Senate Repeals IM 22, Plans To Introduce Different Ethics-Related Bills
PIERRE, S.D. – A measure passed by South Dakota voters has been repealed by lawmakers.
That means an ethics commission, new campaign funding rules and restrictions on lobbyists gifts to lawmakers will not go into effect.
State Senators discussed for over an hour deciding whether Initiated Measure 22 is unconstitutional or not.
In the end the measure was repealed 27 to 8.
Following the approval of House Bill 1069, which is the bill that repeals IM 22, a group against this broke out into a chant saying “respect our vote.”
“Unfortunately others thought they needed to rush this through and I fear how South Dakotans are going to view this,” says District 19 Senator Stace Nelson.
Sen. Nelson was one of 8 legislators to vote against the bill.
He says he went against his colleagues on this one because of how passionately some of these voters feel.
“It’s a little patronizing to tell South Dakota voters that you’re wrong and we’re right,” he says.
While Sen. Nelson says there were some problems with Initiated Measure 22, he thinks legislators should have let a court decide what to do with it.
“At that point, we then deal with legislative matters.”
But Senator Al Novstrup says that would have taken too much time and money.
He says the main problem with IM 22 is that it covered too many topics.
“If it takes us 6 bills to replace it, that’s not one bill.”
He says instead, legislators are going to introduce bills that deal with different ethical issues separately.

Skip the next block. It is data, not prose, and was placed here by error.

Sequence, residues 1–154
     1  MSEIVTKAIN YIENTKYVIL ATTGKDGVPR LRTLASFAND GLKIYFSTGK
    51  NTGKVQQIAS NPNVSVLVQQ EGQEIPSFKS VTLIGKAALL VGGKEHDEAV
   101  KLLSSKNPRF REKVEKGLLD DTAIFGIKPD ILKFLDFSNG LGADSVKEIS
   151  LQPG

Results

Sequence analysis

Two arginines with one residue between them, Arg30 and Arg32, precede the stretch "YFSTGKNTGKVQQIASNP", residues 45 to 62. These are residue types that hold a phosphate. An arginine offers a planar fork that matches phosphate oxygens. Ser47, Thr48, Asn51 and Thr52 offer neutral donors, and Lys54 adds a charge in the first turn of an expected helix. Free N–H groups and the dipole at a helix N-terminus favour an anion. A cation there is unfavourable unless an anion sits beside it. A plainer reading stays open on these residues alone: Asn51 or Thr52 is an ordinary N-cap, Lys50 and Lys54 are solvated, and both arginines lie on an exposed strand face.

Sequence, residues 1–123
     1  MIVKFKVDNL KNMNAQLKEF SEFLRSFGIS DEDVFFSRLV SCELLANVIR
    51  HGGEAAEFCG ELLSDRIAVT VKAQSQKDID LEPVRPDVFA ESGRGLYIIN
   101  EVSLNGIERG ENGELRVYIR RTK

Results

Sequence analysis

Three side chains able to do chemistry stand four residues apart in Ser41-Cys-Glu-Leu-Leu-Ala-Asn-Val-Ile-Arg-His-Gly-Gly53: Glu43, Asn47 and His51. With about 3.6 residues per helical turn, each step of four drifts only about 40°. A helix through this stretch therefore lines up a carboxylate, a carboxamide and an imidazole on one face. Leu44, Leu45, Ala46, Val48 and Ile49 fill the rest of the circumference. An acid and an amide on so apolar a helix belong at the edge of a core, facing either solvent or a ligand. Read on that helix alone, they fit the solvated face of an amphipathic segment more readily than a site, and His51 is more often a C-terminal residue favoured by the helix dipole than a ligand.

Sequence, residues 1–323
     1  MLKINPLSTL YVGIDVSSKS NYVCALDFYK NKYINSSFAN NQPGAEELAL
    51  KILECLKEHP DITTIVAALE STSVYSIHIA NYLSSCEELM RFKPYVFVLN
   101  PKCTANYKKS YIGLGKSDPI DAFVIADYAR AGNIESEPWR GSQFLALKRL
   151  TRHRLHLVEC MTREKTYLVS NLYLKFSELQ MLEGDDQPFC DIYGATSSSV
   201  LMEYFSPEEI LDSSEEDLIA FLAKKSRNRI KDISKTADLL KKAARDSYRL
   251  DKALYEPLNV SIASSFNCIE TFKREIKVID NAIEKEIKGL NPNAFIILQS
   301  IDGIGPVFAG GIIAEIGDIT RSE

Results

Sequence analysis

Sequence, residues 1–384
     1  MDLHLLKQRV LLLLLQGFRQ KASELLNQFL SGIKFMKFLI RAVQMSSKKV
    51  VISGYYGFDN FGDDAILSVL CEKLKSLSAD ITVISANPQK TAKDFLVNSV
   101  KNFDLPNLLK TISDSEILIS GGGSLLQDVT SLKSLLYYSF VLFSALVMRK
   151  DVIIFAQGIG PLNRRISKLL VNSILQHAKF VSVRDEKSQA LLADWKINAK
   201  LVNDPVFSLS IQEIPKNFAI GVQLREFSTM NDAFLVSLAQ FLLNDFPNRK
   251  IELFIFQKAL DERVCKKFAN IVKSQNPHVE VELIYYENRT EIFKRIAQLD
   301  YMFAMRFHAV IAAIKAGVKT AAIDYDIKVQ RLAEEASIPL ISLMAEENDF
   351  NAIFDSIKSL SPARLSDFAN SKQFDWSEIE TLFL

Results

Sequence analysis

“There’s about 10 or 15 in within a day or so, we’re going to have lots of opportunities to debate these bills and we might pass 5,6,7,8 bills,” says Sen. Novstrup.
“We’re going to make sure that they hold their word to this, and we’re going to come out of here with something,” adds Senator Troy Heinert.
Heinert was also one of the eight that voted against H.B. 1069.
H.B. 1069 will now head to the Governor’s desk.
Governor Dennis Daugaard has already said that he will sign a repeal of IM 22.
Demonstrators against the repeal were at the capitol protesting this decision.
Wednesday morning, a plane flying over the capitol with a banner that read “Shame on you! Respect our vote!”
There were more than 50 people inside the Senate Chamber wearing yellow ‘Represent Us’ t-shirts.
One couple from Aberdeen says they traveled to Pierre to see what legislators had to say in person, instead of complaining about it at home.
They say they’re disappointed in lawmakers for not trying to compromise with voters.
“I see this as a reactionary plan and a bit self-serving,” says Shelly Sinar. “I think this really deserves people coming out and saying hey, wait a minute, we wanting this, we need to continue to work on this.”